The study was carried out in accordance to the ethical
rules of St. Orsola-Malpighi General Hospital, Bologna,
Italy. A signed consent form was obtained by all patients
who participated to the study.
Means, standarddeviations, and frequencies were used as
descriptive statistics. The effects of factors influencing the
outcome and the vaginal flora were analyzed by means of
univariate logistic regression. Stepwise multivariate logistic
regressions, taking into account each of the different pattern
of vaginal flora together with all the other putative factors,
were also performed in order to identify independent factors
related to the outcome. The odds ratios (OR) and their 95%
confidence intervals (95% CI) computed by the logistic
regression were also reported.
Two-tailed P values less than 0.05 were considered
statistically significant. All statistical analyses were per-
formed by means of a personal computer and the SPSS for
Windows version 8.0 statistical software.
Of the 242 women who underwent the first testing
(?9 + 6 weeks of gestation) 147 presented abnormal flora
(60.7%) including 95 with bacterial vaginosis (39.3% of
group 38 (15.7%) women were missing because of earlier
miscarriage (n = 32) or because they did not attend the
vaginal sampling (n = 6).Amongthe remaining204 women,
B. Guerra et al./European Journal of Obstetrics & Gynecology and Reproductive Biology 128 (2006) 40–4541
59 (28.9%) had abnormal flora including 36 with bacterial
vaginosis (17.6% of overall cases). No new case of bacterial
vaginosis was picked up among the 147 women with a
normal or intermediate flora in the first trimester smear. All
the 88 women with vaginal score less than 4 at first trimester
confirmed the normal flora at the second testing, whereas
normal flora spontaneously resumed in 57 out of 116
(49.1%) with previous abnormal flora including 33 out of 68
(48.5%) with previous bacterial vaginosis.
A statistically significant association was noted for
abnormal flora with Afro-Caribbean ethnicity either at first
(OR: 4.99; 95% CI: 2.02–12.4) or at second (OR: 2.26; 95%
CI: 1.05–4.82) testing. Furthermore, abnormal flora app-
eared more frequent at midtrimester in pregnant of younger
age (OR: 6.6; 95% CI: 1.24–35.2).
Pregnancy outcome was favourable in 132 cases (54.5%)
and unfavourable in the remaining 110 (45.5%). Among
these 110 pregnancies with unfavourable outcome, mis-
carriage occurred in 32 cases (13.2%), and premature
deliveryin78 (32.2%), with 17 (7.0%)of theselatterwomen
delivering prior to 32 completed weeks of gestation (early
The correlation between vaginal score at either visit and
pregnancy outcome is displayed in Table 1. An abnormal
result of vaginal testing prior to 10 completed weeks of
gestation was significantly associated with an unfavourable
The risk of both events was almost five-fold increased either
with abnormal flora (OR: 4.95; 95% CI: 2.77–8.84) or with
preterm delivery only, was also significantly increased with
abnormal flora (OR: 3.25; 95% CI: 1.75–6.04) as with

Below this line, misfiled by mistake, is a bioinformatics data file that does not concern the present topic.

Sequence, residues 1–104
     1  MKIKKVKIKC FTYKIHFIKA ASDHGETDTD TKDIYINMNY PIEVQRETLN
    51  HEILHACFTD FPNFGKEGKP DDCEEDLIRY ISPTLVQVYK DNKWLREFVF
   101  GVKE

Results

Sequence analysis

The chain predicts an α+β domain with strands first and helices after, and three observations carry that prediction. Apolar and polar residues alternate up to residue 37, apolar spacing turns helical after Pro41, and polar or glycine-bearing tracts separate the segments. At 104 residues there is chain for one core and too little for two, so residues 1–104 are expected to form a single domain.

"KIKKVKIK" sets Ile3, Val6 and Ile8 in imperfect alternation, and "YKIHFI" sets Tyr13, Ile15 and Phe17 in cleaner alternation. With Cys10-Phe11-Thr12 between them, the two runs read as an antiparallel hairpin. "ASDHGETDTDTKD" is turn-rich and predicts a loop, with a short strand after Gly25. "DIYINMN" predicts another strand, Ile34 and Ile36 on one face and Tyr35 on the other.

bacterial vaginosis (OR: 2.44; 95% CI: 1.24–4.79).
At midtrimester, the detection of abnormal flora was
again significantly more common among those patients who
delivered prematurely (OR: 2.29; 95% CI: 1.23–4.27)
whereas bacterial vaginosis only did not increase the risk of
In Table 2 pregnancy outcome is displayed according to
anamnestic data. A significant association with adverse
outcome is noted only for women with previous mis-
carriages (OR 1.86; 95% CI: 1.11–3.13).
The results of the multivariate stepwise logistic regres-
sions performed with the outcome as dependent variable and
the anamnestic data together with the vaginal flora as
independent variables, are reported in Table 3. The analyses
were performed twice taking into account either abnormal
flora or bacterial vaginosis within the set of the independent
variables. The OR, their 95% CI and the P values of the
independent variables that entered the stepwise procedures
are shown in the table. Multivariate analysis confirmed all
significant relationships between pregnancy outcome and
B. Guerra et al./European Journal of Obstetrics & Gynecology and Reproductive Biology 128 (2006) 40–45 42
Relationship between outcome and vaginal score obtained either at first or second trimester of pregnancy (univariate logistic regression)
Miscarriage or delivery ?36 + 6 weeks
No. of cases ORa(95% CI)
Delivery ?36 + 6 weeks
No. of casesP ORa(95% CI)P
Early pregnancy (?9 + 6 weeks; n = 242)
Normal flora (score < 4; n = 95)
Abnormal flora (score ? 4; n = 147)
Bacterial vaginosis (score ? 7; n = 95)
Midtrimester (24–26 weeks; n = 204)b
Normal flora (score < 4; n = 145)
Abnormal flora (score ? 4; n = 59)
Bacterial vaginosis (score ? 7; n = 36)
ND: not done.
aOR vs. normal flora.
bThirty-two patients with previous miscarriage and 6 patients who did not attend the second vaginal sampling were excluded.
Anamnestic risk factors and pregnancy outcome
Miscarriage or delivery ? 36 + 6 weeks
(n = 110)
No. of casesOR (95% CI)P
Afro-Caribbean (n = 43)
Others (n = 199)
?20 years (n = 10)
?21years (n = 232)
?13 years (n = 130%)
>13 years (n = 112)
Yes (n = 14)
No (n = 228)
More (n = 86)
1 (n = 156)
Number of previous PTDa
>1 (n = 75)
1 (n = 167)
0.62 (0.35–1.08) 0.090
Yes (n = 99)
No (n = 143)
vaginal flora which had been previously shown at univariate
analysis thus indicating that the influence of vaginal flora on
the outcome is independent on other possible confounding
factors. In early pregnancy, abnormal flora and previous
miscarriage, as well as bacterial vaginosis and previous
miscarriages were the two patterns of variables which
increased independently the risk of unfavourable outcome
(miscarriage or premature delivery)
On the other hand, as long as only premature delivery is
concerned, abnormal flora or bacterial vaginosis at early
pregnancy were the unique variables increasing the risk of
this event. No variable entered the stepwise procedure when
preterm delivery was related to the bacterial vaginosis at
midtrimester together with the other confounding factors.
Our data show that in women at risk for preterm delivery
an adverse outcome is more likely if bacterial vaginosis or
abnormal flora only are detected in the first trimester. In fact,
both preterm delivery and second trimester miscarriages
were more common among the patients who screened
positiveatfirst vaginalsmear (score ? 4) than inthe patients
who did not (score < 4). The risk of adverse pregnancy
outcome and of premature delivery only were in fact